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Membrane glucocorticoid receptors are down regulated by glucocorticoids in patients with systemic lupus erythematosus and use a caveolin-1-independent expression pathway
  1. C M Spies1,
  2. D H S Schaumann2,
  3. T Berki3,
  4. K Mayer1,
  5. M Jakstadt4,
  6. D Huscher2,
  7. C Wunder5,
  8. G-R Burmester1,
  9. A Radbruch2,
  10. R Lauster2,
  11. A Scheffold2,
  12. F Buttgereit1
  1. 1Department of Rheumatology and Clinical Immunology, Charité University Hospital, Campus Mitte, Berlin, Germany
  2. 2German Arthritis Research Centre (DRFZ), Berlin
  3. 3Department of Immunology and Biotechnology, University of Pécs, Faculty of Medicine, Pécs, Hungary
  4. 4Department of Physical Medicine and Rehabilitation, Charité University Hospital
  5. 5Department of Molecular Biology, Max Planck Institute for Infection Biology, Berlin
  1. Correspondence to:
    F Buttgereit
    Department of Rheumatology and Clinical Immunology, Charité University Hospital, Campus Mitte, Charitéplatz 1, 10117 Berlin, Germany;frank.buttgereit{at}


Background: Membrane-bound glucocorticoid receptors (mGCR) are up regulated on monocytes after in vitro stimulation and in patients with rheumatoid arthritis. Caveolin-1 is critical for the transport of plasma membrane oestrogen receptors to the cell surface.

Objectives: To investigate the expression of mGCR in patients with systemic lupus erythematosus (SLE)—a disease with different aetiopathogenesis and treatment regimens—and to examine whether caveolin-1 is critical for the transport of mGCR to the cell surface.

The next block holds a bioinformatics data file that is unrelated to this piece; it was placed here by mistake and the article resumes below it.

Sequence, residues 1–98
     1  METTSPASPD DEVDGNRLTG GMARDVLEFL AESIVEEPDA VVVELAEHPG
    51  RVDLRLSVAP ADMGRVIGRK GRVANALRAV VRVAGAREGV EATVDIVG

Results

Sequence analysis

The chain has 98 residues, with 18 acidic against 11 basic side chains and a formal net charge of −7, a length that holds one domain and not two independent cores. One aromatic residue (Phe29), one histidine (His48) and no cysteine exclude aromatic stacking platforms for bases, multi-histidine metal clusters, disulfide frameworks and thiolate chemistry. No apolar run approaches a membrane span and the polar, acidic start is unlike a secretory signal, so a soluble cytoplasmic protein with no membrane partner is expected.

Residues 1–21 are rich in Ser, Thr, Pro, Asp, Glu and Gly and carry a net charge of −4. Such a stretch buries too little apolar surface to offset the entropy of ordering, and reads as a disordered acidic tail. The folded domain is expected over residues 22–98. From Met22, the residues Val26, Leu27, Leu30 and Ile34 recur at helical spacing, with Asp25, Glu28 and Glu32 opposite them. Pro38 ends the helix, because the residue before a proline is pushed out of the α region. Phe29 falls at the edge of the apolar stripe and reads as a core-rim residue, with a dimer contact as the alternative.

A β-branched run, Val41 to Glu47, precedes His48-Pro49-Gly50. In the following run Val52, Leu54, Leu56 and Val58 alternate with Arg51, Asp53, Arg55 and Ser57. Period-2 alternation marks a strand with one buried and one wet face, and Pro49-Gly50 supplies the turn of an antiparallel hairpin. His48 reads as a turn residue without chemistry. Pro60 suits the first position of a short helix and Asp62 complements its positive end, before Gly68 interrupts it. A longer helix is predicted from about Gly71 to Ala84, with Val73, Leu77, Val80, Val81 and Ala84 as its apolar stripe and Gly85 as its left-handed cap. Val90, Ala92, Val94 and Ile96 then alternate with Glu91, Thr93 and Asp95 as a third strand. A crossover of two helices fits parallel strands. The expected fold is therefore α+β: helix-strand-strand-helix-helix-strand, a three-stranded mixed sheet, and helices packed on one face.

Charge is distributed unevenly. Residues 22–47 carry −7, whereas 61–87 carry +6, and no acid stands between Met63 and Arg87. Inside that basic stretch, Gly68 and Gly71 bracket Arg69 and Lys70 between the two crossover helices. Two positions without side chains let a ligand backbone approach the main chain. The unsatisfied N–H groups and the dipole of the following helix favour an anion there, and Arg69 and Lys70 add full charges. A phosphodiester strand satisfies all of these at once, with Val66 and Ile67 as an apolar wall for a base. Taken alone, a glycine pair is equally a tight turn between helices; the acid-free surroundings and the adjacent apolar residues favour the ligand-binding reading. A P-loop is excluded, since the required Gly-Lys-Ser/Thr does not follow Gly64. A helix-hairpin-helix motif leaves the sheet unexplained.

Methods: Frequencies of mGCR+ peripheral blood mononuclear cells were measured using high-sensitivity immunofluorescent staining and tested for correlation with SLE disease activity and glucocorticoid treatment. Semiquantitative polymerase chain reaction, immunofluorescence, recombinant expression and confocal laser-scanning microscopy were used to search for an association of mGCR with caveolin-1.

Results: The frequencies of mGCR+ monocytes (CD14+) were considerably higher in patients with SLE (n = 33) than in healthy controls (n = 58), whereas B cells (CD19+) were not different in this regard. T cells (CD3+) were always mGCR−. The frequency of mGCR+ monocytes in patients with SLE did not correlate with disease activity, but did inversely correlate with glucocorticoid dosages; this inverse correlation was confirmed by corresponding in vitro experiments with stimulated monocytes. The induced up regulation of mGCR was not accompanied by an up regulation of caveolin-1, and mGCR are not colocalised with caveolin-1 in plasma membrane caveolae.

Conclusion: mGCR are (a) up regulated in patients with SLE and by inflammatory stimuli and (b) down regulated by glucocorticoids, suggesting a negative feedback loop to control glucocorticoid action. Drugs binding selectively to mGCR may in future prove to be of therapeutic value.

  • cGCR, cytosolic glucocorticoid receptor
  • Dig, digoxigenin
  • ECLAM, European Consensus Lupus Activity Measurement
  • GCR, glucocorticoid receptor
  • LPS, lipopolysaccharide
  • mGCR, membrane-bound glucocorticoid receptors
  • PBMC, peripheral blood mononuclear cells
  • PCR, polymerase chain reaction
  • SLE, systemic lupus erythematosus
  • SLEDAI, SLE Disease Activity Index

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  • Published Online First 31 January 2006

  • Competing interests: None.

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